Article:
Two locals from West Philly, Sarah Thielke and Stephanie Slate, have plans to open up a new community workspace and gallery in the neighborhood. At the moment, Gush Gallery is little more than a dream floating in the Indiegogo clouds, but the founders talk to us about how they hope to go from concept to concrete reality.

Left to right: Stephanie Slate and Sarah Thielke of Gush Gallery.

Left to right: Stephanie Slate and Sarah Thielke of Gush Gallery.

Can you start out by giving me a bit of background on Gush Gallery and how you came up with the idea?

We met at Pratt. After graduating we moved to Philly and reconnected. We started talking about how we had a hard time in our neighborhood of West Philly finding a space. I do analog photography and there were no dark rooms out there. At the time I was renting so I couldn’t make my own dark room. I had a bike and I was biking all the way out to Project Basho, and by the time I’d get there I didn’t want to print anymore. So we decided we needed to make a place in West Philly.

We briefly discussed opening a gallery one morning at breakfast, and said let’s just do it.

We’ve met so many awesome people and new artists, even though we’re just starting out, so it’s already been a rewarding experience.

How did you come up with the name for Gush Gallery?

It was one of our first choices. We went on thesaurus.com and said, ‘What is something that relates to emerging and being new?’

Plus I really get the excitement for your project from the name. On your website, you focus specifically on West Philly. Do you feel like you’re addressing an under-served need for that community?

I think so. From what we could find, we didn’t have many resources out there. We were having to come to this neighborhood [Northern Liberties] to get what we needed. Of course everyone would be welcome. We’d be more than happy to see Northern Libertians. But it just seems that neighborhood is lacking what you guys have over here.

You both come from photography backgrounds. Will this be the focus of your workshops, or will you try to pull more people in?

At first, because it is just the two of us, and our expertise is within photography, that’s all that we could comfortably offer. We’d love to bring other artists in who could teach different workshops.

Does the same apply for your eventual gallery space?

We want to make it very eclectic. From the minute we open the doors we are going to be showing all types of artists’ work. But until we get our name out there we’ll only be able to offer photography-based workshops and classes. But we do have some people in mind. We’ve got a great friend who’s an iron worker, and I was talking to him about maybe doing some beginning classes on how to forge some iron. So we have people we’re in contact with that we’re working to broaden the spectrum a little.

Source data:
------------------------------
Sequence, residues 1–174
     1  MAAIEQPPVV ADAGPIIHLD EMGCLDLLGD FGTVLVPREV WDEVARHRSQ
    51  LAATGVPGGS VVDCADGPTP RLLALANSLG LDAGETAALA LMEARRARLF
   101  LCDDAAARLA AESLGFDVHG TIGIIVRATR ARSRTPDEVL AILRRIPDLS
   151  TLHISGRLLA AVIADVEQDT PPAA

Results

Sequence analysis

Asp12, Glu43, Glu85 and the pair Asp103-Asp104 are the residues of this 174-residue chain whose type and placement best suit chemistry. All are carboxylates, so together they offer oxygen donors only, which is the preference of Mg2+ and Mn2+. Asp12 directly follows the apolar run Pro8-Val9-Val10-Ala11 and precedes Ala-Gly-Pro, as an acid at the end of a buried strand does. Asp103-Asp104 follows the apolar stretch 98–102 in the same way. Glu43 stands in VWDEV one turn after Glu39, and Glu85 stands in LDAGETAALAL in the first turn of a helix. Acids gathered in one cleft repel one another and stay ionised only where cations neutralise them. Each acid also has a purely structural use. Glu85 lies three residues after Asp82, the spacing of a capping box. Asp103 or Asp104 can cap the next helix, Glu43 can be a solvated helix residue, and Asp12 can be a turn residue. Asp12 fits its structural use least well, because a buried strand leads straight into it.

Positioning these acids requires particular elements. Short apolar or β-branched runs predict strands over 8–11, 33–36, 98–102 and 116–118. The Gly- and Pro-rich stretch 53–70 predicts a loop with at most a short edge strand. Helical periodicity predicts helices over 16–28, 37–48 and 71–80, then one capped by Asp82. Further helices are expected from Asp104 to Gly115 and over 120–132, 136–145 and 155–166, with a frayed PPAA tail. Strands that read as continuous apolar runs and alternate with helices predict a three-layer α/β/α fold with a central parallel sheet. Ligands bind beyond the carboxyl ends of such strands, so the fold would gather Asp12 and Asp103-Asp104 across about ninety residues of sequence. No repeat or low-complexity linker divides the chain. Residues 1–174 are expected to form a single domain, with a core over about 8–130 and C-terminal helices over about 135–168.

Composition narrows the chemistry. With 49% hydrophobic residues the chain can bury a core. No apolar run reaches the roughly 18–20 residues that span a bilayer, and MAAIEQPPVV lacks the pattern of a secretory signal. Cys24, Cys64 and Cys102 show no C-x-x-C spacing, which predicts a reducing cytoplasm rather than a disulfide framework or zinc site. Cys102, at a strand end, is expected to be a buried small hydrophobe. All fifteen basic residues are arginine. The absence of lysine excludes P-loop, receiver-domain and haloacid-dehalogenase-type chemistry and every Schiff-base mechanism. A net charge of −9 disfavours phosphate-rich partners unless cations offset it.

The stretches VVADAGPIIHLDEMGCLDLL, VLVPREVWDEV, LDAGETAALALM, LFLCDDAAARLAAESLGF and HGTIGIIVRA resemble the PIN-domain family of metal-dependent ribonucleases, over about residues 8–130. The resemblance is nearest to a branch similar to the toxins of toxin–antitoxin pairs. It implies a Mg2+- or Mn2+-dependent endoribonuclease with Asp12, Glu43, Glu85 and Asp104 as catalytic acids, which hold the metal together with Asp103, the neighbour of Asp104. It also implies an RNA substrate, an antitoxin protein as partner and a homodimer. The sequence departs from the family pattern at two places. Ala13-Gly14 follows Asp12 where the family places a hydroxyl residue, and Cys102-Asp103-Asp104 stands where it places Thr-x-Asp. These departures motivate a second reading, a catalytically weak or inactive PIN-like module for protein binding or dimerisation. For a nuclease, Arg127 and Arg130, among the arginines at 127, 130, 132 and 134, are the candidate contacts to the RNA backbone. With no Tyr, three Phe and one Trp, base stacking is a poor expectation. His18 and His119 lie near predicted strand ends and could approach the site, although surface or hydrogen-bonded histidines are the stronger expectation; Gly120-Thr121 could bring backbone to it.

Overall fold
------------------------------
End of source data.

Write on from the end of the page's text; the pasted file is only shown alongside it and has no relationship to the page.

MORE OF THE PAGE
Would you say you’ve generated a lot of buzz for the project?

A small one. I’m pretty happy with what we have so far. It’s definitely beginning stages.

We’ve also gone the old school route. I have a six-month-old daughter and we take her and pound the pavement, handing out flyers and postcards, stopping people in the street.

You’re looking to eventually get members for the gallery. Can you tell me what that will entail?

We’re going to have three different stages. One that’s pretty affordable, $25 for the year. That would give discounts on printing facilities, the darkroom etc. When I first moved here and was printing at Project Basho, it was a way for me to save a bunch of money. Getting 10% off the hourly time was the best decision financially. That’s what we’re hoping to offer people.

You have an indiegogo campaign. Can you give me an idea of what the funds will be going towards?

It’s all going towards computers and darkroom equipment, and minor repairs to the spot we get. It’s amazing how expensive the equipment is, it all adds up so fast.

Do you have a space you’re looking at?

We have two spaces we’re really excited about. One spot is our dream spot. The layout and size is better for us, but the location and price isn’t ideal. The one space is a barber shop, and the other was a hair salon, but they work perfectly for what we need.

Are you looking to get the local universities involved at all?

We’d love to be a place where students can get their homework done. Or even if they have work they want to display, we’d love to help students get started out. As soon as you have those few exhibitions on paper, then other people look at you. We want to be that place for people. We want to be their cheerleaders, be there for them and promote them.

Do you have any next steps planned?

We want to open up and get started right away, and figure out what we can work on. This is all a learning experience. We’re taking it day by day for now.

What sort of atmosphere are you hoping to create once you open up the space?

Warm and inviting. A lot of galleries are cold, we want Gush to be home. We want people to feel like they can come in and talk to us, if they have questions, concerns, ideas. We want it to be engaging on a personal level. Be inspired by them and have them be inspired by us.

To support their campaign, visit the Indeigogo page here.

Joseph Opshinsky

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